Emirati chef Khulood Atiq offers her modern take on traditional favourites

Atiq is behind cookbook 'Sararid', which includes recipes passed down from generation to generation

Chef Khulood Atiq was first female national chef of the UAE.
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With rich spices and ingredients, Emirati dishes are flavourful and aromatic; meat, fish and rice are often staples, and recipes are handed down through generations.

Khulood Atiq, who has been a strong force in keeping the cuisine alive, started her culinary journey in 2008 and has had a passion for cooking since childhood.

“In 2006, I noticed that there was almost no Emirati food available in the tourism industry. You could generally only find Emirati food cooked at home or in restaurants for delivery during feasts,” Atiq tells The National. “I decided that I wanted tourists to discover authentic Emirati cuisine for themselves. So, I started creating and cooking it.”

As the first female national chef of the UAE, she now works with the Department of Culture and Tourism – Abu Dhabi as a culinary development specialist.

“Cooking has always been a big part of my life. Inspired by the strong women in my family — my mother, grandmother and aunts,” she says.

Atiq grew up watching them masterfully create beautiful meals in the kitchen and learning their skills and techniques, which she continues to apply until this day.

“I was everyone’s favourite cook in the house, everyone wanted to taste my food again and again.”

Atiq, in her pursuit of continuing traditions, wrote a cookbook called Sararid, which includes recipes passed down from generation to generation. Her book features new authentic recipes using Emirati ingredients, such as dates.

“As a chef, I have developed my style and created my own signature, initially starting with a clear focus on traditional food but, more recently, working on adding new flavours and moving away from pure, traditional cuisine to fusion.”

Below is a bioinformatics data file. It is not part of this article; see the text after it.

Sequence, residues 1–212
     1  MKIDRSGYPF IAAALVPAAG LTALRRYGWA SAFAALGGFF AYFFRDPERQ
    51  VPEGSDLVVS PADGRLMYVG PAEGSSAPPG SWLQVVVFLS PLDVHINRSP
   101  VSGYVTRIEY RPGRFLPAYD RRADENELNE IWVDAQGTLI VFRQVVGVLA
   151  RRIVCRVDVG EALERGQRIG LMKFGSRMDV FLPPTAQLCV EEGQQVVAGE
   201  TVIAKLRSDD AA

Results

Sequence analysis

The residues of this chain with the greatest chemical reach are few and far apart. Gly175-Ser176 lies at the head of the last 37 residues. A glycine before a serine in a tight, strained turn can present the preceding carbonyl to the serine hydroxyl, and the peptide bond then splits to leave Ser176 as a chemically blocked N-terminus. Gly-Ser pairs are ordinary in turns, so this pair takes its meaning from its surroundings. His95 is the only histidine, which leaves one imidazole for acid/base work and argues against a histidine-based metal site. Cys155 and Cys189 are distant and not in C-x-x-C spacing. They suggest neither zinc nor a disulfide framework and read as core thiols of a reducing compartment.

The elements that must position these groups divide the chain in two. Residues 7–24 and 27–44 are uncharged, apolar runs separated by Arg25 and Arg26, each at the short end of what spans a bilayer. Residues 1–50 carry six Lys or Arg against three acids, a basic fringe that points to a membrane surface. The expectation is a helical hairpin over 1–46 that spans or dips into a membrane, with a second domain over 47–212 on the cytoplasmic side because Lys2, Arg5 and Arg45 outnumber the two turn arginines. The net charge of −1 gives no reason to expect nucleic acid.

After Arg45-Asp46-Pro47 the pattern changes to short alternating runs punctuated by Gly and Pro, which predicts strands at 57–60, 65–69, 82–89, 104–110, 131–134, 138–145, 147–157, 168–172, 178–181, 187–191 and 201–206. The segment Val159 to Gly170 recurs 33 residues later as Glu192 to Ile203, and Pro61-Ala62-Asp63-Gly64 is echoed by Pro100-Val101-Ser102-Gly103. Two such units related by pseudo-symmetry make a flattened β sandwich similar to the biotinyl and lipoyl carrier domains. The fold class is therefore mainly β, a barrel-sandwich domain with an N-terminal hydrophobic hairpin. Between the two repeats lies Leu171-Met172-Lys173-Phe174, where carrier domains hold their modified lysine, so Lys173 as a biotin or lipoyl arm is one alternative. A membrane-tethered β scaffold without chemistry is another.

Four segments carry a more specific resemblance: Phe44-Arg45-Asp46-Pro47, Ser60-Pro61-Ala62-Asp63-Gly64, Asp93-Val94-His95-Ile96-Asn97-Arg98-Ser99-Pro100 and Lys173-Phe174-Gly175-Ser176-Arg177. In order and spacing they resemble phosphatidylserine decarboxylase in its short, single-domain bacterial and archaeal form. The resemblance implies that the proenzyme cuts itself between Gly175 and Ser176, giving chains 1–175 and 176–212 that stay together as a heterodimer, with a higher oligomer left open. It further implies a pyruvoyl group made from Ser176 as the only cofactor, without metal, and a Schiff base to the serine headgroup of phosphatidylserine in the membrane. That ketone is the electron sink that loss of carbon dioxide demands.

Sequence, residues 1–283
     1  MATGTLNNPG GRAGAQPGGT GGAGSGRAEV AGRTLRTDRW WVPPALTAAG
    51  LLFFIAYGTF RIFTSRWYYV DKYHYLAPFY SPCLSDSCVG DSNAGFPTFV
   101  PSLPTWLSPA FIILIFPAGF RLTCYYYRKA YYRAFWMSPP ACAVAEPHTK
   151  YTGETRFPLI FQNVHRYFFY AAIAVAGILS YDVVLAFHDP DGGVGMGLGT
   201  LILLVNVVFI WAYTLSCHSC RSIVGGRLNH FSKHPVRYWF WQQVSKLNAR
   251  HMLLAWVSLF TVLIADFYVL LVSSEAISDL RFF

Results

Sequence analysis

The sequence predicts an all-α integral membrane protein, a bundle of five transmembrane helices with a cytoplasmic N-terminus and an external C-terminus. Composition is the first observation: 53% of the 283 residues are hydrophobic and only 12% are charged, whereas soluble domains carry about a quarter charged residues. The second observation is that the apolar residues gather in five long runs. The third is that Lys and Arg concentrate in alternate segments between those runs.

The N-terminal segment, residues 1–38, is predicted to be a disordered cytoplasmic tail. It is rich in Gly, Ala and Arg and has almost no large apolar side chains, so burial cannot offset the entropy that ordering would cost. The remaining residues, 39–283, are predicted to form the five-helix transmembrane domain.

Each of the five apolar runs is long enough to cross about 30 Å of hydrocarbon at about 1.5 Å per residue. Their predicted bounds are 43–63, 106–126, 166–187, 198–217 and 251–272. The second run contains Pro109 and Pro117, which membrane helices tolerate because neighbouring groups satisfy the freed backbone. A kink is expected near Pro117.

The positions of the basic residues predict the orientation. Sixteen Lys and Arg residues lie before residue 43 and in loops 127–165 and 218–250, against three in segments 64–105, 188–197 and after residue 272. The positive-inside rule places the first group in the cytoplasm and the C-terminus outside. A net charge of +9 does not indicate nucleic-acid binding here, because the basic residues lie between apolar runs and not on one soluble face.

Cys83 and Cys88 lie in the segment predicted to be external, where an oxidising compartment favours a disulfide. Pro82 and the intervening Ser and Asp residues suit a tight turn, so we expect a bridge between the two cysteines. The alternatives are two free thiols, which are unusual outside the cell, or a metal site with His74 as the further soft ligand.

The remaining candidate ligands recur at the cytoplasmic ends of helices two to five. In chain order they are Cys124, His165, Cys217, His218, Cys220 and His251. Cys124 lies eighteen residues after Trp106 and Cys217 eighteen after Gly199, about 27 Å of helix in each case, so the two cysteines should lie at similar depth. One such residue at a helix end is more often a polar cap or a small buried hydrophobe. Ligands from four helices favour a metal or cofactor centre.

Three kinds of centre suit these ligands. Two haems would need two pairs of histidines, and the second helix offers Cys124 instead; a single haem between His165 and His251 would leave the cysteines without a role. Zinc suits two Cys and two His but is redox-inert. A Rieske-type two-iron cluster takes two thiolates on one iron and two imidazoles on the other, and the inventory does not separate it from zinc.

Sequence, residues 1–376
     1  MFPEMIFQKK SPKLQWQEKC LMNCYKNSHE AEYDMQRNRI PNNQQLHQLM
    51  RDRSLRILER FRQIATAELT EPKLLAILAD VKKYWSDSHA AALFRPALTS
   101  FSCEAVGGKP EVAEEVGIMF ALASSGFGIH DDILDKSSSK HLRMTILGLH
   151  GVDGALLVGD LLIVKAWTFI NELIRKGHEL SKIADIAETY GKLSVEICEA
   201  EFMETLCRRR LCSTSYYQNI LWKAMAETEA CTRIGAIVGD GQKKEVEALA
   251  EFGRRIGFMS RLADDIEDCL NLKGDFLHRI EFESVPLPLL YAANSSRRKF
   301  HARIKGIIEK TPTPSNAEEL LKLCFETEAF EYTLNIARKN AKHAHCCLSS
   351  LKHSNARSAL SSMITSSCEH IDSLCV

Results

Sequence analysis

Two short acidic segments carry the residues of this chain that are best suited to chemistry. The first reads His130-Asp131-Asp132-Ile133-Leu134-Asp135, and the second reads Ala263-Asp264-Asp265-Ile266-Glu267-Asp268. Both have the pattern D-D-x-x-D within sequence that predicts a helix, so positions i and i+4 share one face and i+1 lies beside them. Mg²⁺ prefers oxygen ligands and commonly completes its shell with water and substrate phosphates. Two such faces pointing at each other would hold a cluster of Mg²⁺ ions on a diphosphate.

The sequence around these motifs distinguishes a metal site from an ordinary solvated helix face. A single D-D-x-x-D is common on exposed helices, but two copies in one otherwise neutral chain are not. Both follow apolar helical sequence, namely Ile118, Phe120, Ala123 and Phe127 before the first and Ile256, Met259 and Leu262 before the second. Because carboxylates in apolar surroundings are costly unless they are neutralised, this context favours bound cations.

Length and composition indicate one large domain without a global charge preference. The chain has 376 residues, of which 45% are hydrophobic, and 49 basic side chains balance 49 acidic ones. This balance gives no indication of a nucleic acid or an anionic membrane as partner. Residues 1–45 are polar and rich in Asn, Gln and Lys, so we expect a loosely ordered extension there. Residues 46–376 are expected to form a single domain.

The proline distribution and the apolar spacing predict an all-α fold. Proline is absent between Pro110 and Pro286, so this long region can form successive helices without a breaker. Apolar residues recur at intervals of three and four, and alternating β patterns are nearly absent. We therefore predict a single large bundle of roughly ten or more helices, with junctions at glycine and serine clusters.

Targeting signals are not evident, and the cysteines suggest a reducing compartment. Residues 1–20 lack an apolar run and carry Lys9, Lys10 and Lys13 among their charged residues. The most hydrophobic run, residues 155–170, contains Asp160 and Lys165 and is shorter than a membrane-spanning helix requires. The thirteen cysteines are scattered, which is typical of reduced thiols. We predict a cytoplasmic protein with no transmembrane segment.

Iftar meals you will find in Emirati homes

Atiq’s favourite Ramadan ingredients include rose water, saffron, cardamom and dates to add authentic tastes to her dishes.

A traditional Ramadan Emirati iftar meal would generally consist of “dates and milk to break the fast. This follows the Sunnah of the Prophet Muhammad,” she says.

This is then accompanied by “soup, harees, luqaimat and any kind of bread, with sharbat, a drink of berries, oranges or lemons, diluted with water and ice.”

After Taraweeh, which is a sunnah prayer that is performed after the Isha (night) prayer in Ramadan, people gather at the Fawala, a dining table of traditional Emirati desserts, light meals and snacks.

“Fawala is an Emirati term for the generosity displayed when you offer food to family, relatives or friends who come to your home.”

Advice for aspiring young culinary students

Atiq believes that you shouldn't pursue a journey like hers with the intention of becoming famous, you need to love and be passionate about the culinary arts.

“Love food — creating it, making unique dishes, using different ingredients, concocting different tastes,” she says. “And, if you are Emirati, be passionate about our cuisine and wanting to share it with the world.

“This field has no limits, and no matter how much you have learnt, there will always be new techniques and experiences to explore.”

Updated: April 28, 2022, 3:58 AM